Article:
So outside observers like Cohen have had to rely largely on anecdote. Noah Arshinoff, who teaches anti-corruption law to University of Ottawa law students, says he thinks the SNC Lavalin scandal “brought everything to a halt for a time” by giving the federal government “cold feet” about pursuing such cases.

Russia’s invasion of Ukraine, he says, changed things.

“There just seems to be more people in the federal government taking notice of this now. I’ve been invited to several roundtables at [Global Affairs Canada] recently on combatting corruption,” says Arshinoff. “I’ve heard from several people in government that the resources going to anti-corruption activities are on the rise. And we just got our first confirmed RA, out of Quebec, and there are rumblings of another two under negotiation.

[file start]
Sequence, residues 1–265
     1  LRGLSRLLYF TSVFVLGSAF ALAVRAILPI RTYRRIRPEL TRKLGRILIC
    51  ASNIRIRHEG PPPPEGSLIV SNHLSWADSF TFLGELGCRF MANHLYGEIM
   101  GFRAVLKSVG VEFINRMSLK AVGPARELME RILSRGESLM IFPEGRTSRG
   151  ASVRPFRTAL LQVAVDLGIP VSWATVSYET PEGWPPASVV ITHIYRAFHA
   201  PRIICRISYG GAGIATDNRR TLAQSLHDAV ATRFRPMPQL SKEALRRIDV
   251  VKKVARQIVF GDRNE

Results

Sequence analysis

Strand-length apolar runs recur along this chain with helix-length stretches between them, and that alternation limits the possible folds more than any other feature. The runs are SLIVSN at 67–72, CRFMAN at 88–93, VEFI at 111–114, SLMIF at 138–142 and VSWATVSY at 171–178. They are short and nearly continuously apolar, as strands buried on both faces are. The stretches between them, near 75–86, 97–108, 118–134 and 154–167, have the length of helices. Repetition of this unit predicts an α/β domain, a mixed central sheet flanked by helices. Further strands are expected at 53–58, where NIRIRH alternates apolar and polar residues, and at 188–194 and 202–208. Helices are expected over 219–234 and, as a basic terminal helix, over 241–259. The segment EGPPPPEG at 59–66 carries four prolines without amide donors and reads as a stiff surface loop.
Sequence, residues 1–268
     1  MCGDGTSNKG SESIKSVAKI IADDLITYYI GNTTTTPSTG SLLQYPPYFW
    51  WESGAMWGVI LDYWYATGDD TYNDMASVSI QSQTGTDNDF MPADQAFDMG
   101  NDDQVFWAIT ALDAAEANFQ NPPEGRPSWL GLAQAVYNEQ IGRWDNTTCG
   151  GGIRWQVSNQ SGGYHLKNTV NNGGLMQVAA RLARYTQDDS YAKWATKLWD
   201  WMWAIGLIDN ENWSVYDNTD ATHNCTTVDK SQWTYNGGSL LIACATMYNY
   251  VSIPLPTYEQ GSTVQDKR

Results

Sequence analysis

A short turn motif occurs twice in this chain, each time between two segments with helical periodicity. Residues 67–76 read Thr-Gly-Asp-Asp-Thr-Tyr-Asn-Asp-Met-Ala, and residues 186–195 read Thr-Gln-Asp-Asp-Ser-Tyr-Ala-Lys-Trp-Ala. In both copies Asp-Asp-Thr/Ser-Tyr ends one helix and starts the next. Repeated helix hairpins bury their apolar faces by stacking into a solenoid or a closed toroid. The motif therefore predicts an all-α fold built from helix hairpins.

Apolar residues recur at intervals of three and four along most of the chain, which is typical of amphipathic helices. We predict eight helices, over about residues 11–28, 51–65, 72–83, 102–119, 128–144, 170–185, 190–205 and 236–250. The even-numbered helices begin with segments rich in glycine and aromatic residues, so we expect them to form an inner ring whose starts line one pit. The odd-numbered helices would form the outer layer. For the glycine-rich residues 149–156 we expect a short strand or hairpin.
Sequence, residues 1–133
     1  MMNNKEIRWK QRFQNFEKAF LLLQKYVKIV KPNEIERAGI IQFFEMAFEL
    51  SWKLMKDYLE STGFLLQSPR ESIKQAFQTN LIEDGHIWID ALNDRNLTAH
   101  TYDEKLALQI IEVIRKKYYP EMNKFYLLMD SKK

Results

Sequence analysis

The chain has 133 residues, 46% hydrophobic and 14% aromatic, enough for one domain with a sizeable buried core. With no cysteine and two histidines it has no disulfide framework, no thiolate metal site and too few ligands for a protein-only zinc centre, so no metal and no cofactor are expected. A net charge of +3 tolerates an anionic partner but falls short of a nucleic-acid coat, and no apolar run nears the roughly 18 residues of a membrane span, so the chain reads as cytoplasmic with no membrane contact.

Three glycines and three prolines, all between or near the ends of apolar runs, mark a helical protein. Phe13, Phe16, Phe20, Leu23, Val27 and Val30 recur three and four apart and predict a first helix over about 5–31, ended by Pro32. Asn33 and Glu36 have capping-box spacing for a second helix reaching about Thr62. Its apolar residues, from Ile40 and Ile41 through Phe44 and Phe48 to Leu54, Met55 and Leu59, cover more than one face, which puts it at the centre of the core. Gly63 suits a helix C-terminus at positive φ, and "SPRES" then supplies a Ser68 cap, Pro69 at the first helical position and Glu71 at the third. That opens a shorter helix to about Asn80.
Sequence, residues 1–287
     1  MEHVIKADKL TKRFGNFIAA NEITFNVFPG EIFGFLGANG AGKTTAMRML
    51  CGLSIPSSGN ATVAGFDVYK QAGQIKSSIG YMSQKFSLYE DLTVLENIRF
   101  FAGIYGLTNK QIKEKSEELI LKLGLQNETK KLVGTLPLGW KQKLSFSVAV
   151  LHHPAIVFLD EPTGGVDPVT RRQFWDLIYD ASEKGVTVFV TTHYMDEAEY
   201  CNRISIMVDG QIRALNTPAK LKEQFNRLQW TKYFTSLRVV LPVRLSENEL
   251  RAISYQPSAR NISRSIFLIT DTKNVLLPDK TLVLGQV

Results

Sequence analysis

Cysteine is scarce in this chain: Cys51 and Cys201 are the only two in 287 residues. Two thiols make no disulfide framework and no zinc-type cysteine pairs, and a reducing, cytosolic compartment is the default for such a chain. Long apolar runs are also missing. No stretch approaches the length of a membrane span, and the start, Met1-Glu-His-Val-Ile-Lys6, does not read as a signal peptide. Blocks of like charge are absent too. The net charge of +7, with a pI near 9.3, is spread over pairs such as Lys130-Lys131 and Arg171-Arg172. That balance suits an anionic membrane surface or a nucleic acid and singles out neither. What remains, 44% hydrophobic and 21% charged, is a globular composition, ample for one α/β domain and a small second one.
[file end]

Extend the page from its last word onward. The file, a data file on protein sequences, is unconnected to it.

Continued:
“Before the invasion, the government had made a soft commitment on a beneficial ownership registry. After the invasion, they set a target date of the end of 2023. Now the word ‘kleptocrat’ means something different in government circles — more of them understand now that these are the people who finance wars.”

Still, foreign bribery caselaw is thin on the ground in this country. Its scarcity feeds a vicious cycle, says Sabrina Bandali, an international trade lawyer at Bennett Jones: with little in the caselaw to go on, businesses struggle to know precisely what the law requires of them.

“When a company notices that something in its operations has gone offside, clearly there are right answers — it should investigate, it should fix the problem,” she says. “But companies are still faced with a larger uncertainty over what the law requires.